Detective Matthews has been employed by the East Hartford Township Police Department since January of 1989.  Detective Matthews first worked as a patrol officer and was awarded Officer-of-the-Year in 1991.  Due to his excellent investigation skills, he was promoted to the position of detective in 1993.  Detective Matthews’ case load includes investigations of robbery, theft, fraud, and an occasional homicide, however, he specializes in the investigation of child abuse and sexual assaults that occur in East Hartford Township. 

Detective Matthews would like to be promoted to a supervisory position where he would have the opportunity to assist police officers and guide newer detectives in their investigations.  However, promotional opportunities are very rare in East Hartford Township.  Detective Matthews is also under the impression that social networking with the current supervisors is more important to obtain a promotion, rather than work ethic or experience.  Detective Matthews chooses not to engage in office politics and therefore has been in the same position since 1993 doing the same type of cases. 

Although Detective Matthews work ethic is strong and he still cares for the victims of the cases he investigates, he is extremely dissatisfied with the department where he works and no longer tries to go ‘above and beyond’ in order to complete his duties. 


Given the subjective nature of job satisfaction, evaluative, cognitive, and behavioral components must be considered in order to determine overall global job satisfaction.  For Detective Matthews' case, an evaluation was performed according to his individual job facet satisfaction.  By examining specific facet areas relevant to his job, his global job satisfaction was determined.  This in turn, could assist the department he works for in diagnosing organizational issues, and highlight areas for intervention  (The Pennsylvania State University, 2011).   Although the causes of job satisfaction are complex and multifaceted, three general categories contribute to job satisfaction: Job Characteristics, Social Comparisons, and Disposition (The Pennsylvania State University, 2011). These three categories, along with additional correlates that influence satisfaction, will provide us with the evaluative, cognitive, and behavioral components needed to determine the detective's job satisfaction.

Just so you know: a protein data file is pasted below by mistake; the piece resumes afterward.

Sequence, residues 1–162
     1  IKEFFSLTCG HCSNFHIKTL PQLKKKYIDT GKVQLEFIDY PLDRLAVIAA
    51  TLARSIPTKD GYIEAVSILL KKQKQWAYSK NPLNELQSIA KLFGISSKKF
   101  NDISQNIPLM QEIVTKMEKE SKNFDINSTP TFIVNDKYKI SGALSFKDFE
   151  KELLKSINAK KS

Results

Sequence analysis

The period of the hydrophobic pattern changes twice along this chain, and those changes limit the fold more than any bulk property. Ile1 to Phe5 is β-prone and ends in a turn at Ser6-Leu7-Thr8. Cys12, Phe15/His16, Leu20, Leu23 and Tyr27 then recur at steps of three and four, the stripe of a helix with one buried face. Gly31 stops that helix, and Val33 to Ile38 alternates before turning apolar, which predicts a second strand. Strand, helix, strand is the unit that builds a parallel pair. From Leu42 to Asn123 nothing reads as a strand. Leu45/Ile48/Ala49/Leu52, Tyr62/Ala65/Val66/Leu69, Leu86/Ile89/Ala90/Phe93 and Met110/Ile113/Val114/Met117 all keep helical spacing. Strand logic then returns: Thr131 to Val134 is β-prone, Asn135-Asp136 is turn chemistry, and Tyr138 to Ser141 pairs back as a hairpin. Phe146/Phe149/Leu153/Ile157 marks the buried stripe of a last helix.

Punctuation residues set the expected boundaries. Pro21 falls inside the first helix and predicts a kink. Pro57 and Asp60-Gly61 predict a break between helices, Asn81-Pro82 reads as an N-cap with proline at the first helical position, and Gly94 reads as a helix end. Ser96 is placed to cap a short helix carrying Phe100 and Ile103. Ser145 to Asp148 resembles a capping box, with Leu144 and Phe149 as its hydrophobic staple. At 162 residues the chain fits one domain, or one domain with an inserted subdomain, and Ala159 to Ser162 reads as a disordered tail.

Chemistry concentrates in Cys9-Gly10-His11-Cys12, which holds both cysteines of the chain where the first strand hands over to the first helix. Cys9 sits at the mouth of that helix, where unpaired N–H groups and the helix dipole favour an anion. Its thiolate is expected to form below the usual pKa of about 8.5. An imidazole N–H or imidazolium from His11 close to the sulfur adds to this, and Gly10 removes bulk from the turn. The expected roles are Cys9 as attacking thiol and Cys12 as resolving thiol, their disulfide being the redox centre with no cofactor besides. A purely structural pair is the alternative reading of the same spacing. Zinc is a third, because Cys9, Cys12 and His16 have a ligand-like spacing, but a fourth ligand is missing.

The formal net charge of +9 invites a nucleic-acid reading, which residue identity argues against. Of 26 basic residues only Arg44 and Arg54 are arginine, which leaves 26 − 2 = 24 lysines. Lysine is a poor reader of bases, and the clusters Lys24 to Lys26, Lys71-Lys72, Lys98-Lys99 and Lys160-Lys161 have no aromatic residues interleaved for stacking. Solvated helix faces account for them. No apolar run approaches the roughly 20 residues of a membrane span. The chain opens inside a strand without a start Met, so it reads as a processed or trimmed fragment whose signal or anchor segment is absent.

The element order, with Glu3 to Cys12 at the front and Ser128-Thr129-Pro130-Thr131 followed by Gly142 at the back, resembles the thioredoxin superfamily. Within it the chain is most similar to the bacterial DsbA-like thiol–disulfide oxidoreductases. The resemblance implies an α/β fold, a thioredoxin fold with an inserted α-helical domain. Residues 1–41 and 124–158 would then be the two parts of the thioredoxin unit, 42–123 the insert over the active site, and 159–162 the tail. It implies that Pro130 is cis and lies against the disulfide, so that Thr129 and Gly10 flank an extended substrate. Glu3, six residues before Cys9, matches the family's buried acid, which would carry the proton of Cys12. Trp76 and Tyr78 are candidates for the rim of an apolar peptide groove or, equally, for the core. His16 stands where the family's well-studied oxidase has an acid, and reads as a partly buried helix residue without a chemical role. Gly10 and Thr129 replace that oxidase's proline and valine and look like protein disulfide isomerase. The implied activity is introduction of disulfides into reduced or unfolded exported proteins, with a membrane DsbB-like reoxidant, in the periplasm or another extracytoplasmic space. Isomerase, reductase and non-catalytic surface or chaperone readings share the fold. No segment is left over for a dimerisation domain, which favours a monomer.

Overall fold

Job Characteristics

Research has shown that job satisfaction is determined by the nature and characteristics of jobs (Spector & Jex, 1991).  Smith, Kendall, & Hulin (1969), developed the five facets of job satisfaction that assess how employees feel about their jobs.  By analyzing Detective Matthews' case according to the five categories, more insight was gained into his level of satisfaction with his job.

1. Type of Work itself

Detective Matthews' is a police detective in charge of handling a range of cases, including homicide, robbery, theft and fraud.  He specializes in child abuse and sexual assault cases, which often make up the majority of his workload. He spends most of his time filling out paperwork and at other times conducting interviews.